Subterranean Press is proud to present Robert McCammon's first contemporary novel in nearly two decades, a tale of the hunt and unlikely survival, of the life and soul, set against a supernatural backbeat. Robert McCammon, author of the popular Matthew Corbett historical thrillers (Speaks the Nightbird, Mister Slaughter), now gives us something new and completely unexpected: The Five, a contemporary novel as vivid, timely, and compelling as anything he has written to date.
The Five tells the story of an eponymous rock band struggling to survive on the margins of the music business. As they move through the American Southwest on what might be their final tour together, the band members come to the attention of a damaged Iraq war veteran, and their lives are changed forever.
The narrative that follows is a riveting account of violence, terror, and pursuit set against a credible, immensely detailed rock and roll backdrop. It is also a moving meditation on loyalty and friendship, on the nature and importance of families those we are born into and those we create for ourselves and on the redemptive power of the creative spirit. Written with wit, elegance, and passionate conviction, The Five lays claim to new imaginative territory, and reaffirms McCammon's position as one of the finest, most unpredictable storytellers of our time.
I'm kicking off the first official review in The Great McCammon Read with Robert McCammon's The Five. I've been holding on to The Five since its release in May waiting for the weather to turn cooler, the nights to grow longer, and to get the general "the timing is right" feel. (I clearly have reader issues.)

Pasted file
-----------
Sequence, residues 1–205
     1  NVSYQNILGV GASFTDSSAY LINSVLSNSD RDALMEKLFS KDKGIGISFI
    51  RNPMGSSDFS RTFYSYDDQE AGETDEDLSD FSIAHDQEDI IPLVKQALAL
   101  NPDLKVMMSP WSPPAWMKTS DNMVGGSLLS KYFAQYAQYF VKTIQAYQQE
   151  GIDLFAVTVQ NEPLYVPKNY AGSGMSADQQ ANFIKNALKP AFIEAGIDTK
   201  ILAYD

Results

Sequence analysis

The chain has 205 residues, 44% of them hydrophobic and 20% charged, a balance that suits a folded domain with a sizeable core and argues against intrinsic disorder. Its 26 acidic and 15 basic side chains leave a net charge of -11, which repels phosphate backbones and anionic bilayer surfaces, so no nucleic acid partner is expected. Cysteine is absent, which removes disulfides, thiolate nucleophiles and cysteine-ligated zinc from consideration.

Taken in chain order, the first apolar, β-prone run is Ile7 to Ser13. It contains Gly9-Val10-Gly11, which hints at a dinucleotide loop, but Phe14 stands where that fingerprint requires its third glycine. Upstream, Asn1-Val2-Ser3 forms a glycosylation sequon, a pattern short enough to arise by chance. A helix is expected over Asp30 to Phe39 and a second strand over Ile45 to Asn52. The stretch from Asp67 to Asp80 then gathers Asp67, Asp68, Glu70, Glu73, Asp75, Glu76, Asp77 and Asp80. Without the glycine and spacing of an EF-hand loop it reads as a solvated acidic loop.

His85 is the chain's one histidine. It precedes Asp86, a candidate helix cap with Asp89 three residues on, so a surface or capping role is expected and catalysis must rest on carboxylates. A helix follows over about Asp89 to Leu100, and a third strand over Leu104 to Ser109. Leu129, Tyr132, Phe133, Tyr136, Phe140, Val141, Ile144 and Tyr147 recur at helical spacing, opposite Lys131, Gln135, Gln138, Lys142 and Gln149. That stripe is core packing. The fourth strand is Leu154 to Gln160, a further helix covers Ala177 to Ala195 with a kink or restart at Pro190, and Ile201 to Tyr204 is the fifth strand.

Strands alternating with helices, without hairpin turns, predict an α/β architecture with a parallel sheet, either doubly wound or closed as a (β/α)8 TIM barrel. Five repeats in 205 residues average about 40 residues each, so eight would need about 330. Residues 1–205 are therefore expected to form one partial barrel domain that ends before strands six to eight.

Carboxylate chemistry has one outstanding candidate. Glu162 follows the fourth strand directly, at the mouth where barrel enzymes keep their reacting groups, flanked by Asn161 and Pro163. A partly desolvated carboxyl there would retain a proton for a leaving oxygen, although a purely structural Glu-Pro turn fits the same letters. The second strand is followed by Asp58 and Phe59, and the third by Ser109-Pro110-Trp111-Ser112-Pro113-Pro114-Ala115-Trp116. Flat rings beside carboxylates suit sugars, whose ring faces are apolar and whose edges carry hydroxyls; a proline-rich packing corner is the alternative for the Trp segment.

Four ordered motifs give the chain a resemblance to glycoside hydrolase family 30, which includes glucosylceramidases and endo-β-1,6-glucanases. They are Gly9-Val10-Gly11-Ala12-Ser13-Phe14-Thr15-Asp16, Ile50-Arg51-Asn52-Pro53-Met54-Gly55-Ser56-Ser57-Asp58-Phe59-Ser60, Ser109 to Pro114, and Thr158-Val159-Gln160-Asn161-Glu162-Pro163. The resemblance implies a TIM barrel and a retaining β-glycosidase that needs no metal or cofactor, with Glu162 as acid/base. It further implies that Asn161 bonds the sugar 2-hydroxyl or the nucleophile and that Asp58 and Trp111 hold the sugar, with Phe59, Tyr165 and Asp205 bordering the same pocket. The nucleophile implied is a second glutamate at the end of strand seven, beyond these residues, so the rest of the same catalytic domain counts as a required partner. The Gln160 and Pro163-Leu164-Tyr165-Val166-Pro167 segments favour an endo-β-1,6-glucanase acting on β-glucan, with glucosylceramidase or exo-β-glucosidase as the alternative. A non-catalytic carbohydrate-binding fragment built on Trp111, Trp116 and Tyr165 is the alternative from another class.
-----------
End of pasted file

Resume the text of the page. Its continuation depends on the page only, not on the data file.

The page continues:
One thing I love about McCammon is how different each of his works are from one another. It feels like it's always about the story and not about being pidgeonholed into a genre. As usual, I can't pidgeonhole this one. It's contemporary, it's thriller, it's horror. More importantly, it's a really great story.
Despite how unpredictable and intense The Five is, McCammon managed to create this intimate, gradual pacing throughout the entire novel. I was invested in the band, invested in the story, and I felt like I was invested in the fate of the world.
The Five is a story of good versus evil, light versus dark, family, sacrifice, and the power of music.
The end of The Five evoked a lot of emotion in me which was awesome. I don't normally cry in a book (unless a dog dies!), but the end was a wonderful personification of The Five's story and a testament to McCammon's epic storytelling.
I'd recommend McCammon to anyone, but I'm especially recommending The Five to those who have a heart for music.
8/10: Great Read